By Kim Barto Meeks
A new group home for adults with developmental disabilities will help Piedmont Community Services expand its capacity in Martinsville as state facilities close.
PCS received a $1.6-million state grant in 2018 to purchase land and build two new housing facilities, each with four beds. Officials held a ribbon-cutting and tours Tuesday for the first home, located on Independence Drive. The second is being constructed and will be finished by January or February 2020.
The new housing is needed as Virginia moves away from institutions and towards “person-centered and community-oriented care,” officials said. PCS Executive Director Greg Preston estimated there are about 250 people on a waiting list for various services in the agency’s service area, which includes Martinsville as well as Henry, Patrick, and Franklin counties. Not all of these require residential services, however.
In the past, Preston said, there were five regional training centers serving developmentally disabled adults throughout the state. Central Virginia, located in Lynchburg, formerly housed 3,000 clients in an institutional setting. Now, as it is in the process of closing, there are 43 individuals remaining, and clients “are encouraged to come back to their communities,” Preston said. As a result, community services boards such as Piedmont are being asked to expand their capacity.
The “person-centered” approach gives people with disabilities more freedom of choice and the chance to live “like you or I would want to live,” said Shannon Clark, PCS Community Support Director.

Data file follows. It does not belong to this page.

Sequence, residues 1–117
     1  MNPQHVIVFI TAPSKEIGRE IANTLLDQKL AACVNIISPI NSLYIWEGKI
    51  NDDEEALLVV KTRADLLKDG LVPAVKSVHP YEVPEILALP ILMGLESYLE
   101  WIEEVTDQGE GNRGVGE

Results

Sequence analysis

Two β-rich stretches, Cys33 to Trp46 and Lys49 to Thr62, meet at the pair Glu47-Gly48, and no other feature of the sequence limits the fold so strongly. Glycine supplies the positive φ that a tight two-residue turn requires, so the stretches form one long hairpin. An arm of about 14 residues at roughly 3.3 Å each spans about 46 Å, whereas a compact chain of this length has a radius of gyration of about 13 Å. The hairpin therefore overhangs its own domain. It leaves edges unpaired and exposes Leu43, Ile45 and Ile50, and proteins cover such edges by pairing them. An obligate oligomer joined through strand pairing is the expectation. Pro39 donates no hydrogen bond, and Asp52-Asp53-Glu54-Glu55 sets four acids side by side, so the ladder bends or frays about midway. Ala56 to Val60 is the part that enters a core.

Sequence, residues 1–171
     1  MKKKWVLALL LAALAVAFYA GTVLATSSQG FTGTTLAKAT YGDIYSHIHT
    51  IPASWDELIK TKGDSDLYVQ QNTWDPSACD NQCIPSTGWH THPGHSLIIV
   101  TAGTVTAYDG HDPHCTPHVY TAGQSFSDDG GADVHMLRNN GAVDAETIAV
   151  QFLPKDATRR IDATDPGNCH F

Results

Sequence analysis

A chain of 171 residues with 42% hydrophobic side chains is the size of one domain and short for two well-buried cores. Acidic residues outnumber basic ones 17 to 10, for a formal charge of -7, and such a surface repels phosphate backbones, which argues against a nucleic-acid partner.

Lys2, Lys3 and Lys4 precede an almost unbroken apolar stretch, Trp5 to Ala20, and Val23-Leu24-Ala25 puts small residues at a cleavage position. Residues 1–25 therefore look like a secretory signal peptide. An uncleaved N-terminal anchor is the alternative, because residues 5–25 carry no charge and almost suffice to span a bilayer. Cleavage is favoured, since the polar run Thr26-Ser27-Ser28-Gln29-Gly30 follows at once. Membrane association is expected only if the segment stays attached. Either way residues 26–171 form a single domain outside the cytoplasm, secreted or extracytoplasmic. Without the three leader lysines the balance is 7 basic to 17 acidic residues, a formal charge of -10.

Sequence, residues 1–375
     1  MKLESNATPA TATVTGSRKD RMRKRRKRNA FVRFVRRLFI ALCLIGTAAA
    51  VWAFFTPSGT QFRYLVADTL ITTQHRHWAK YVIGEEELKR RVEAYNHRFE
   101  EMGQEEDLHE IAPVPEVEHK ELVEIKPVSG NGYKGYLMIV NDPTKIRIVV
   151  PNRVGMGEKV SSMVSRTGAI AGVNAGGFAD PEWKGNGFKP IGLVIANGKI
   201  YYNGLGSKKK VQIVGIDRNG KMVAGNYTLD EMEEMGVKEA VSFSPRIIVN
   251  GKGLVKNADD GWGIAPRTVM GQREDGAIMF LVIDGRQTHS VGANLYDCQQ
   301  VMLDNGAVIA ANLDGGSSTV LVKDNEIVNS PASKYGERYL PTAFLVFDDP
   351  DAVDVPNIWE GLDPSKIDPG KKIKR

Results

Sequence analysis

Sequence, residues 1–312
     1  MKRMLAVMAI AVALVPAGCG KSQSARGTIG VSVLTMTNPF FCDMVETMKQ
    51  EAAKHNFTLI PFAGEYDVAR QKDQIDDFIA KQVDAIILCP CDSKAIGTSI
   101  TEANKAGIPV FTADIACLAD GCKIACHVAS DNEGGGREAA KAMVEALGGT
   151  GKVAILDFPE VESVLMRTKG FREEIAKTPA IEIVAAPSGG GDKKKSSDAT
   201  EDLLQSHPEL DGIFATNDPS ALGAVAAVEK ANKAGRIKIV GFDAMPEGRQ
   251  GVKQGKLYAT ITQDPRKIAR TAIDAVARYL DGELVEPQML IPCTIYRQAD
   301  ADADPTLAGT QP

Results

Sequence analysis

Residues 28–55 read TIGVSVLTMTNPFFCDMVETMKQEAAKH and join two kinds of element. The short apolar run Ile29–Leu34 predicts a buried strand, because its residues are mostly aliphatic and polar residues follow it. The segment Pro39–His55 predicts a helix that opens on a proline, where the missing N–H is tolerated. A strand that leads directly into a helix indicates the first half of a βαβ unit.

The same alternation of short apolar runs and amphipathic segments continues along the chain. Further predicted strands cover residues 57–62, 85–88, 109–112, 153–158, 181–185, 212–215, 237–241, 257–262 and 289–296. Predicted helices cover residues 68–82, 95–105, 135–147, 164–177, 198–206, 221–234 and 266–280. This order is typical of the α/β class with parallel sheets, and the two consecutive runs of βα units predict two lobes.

In a centralized facility, for example, clients would be limited to using doctors on the facility’s campus. “They should be able to access any doctor they wish and other services out in the community, just like anyone else,” Clark said. “That’s what they deserve.”
The other advantage of living in a local group home is that “they will be closer to their loved ones and able to connect with them in a way they otherwise couldn’t in Lynchburg,” she said.
Clients will move into the new home as early as next week, officials said. Services they receive depend on the person’s needs, “their capabilities and what they choose to do,” Preston said. This may include a job or participating in a day program, for example. The home also provides some structured daytime activities.
Clark said they encourage people with disabilities and their families to plan ahead and work with agencies such as PCS “so we can match them with services they may qualify for.” Needs are increasing as the population ages, including clients and their caretakers, she said.
“Part of our mission is simply to help,” Preston said.
During the ribbon-cutting ceremony, PCS staff and City Manager Leon Towarnicki spoke about the project. Towarnicki noted that 15 years ago, Independence Drive dead-ended before reaching the PCS property, which backs up to the city’s shop. He also praised Piedmont for “proving to be an outstanding partner in the city and meeting a wide array of needs.”
PCS Operations Director Kippy Cassell described the process of searching for a suitable location for the project. When he first saw the property, he admitted he was skeptical, as the land was covered in trees and included an embankment. However, the architect said “We can build here,” he said. A groundbreaking was held in December 2018, and Daniel Builders out of Danville completed the construction “on time and on schedule,” he said.
Piedmont board members, staff, officials from the city, representatives from the Martinsville-Henry County Chamber of Commerce, and relatives of the home’s clients gathered to cut a symbolic red ribbon before touring the new facility.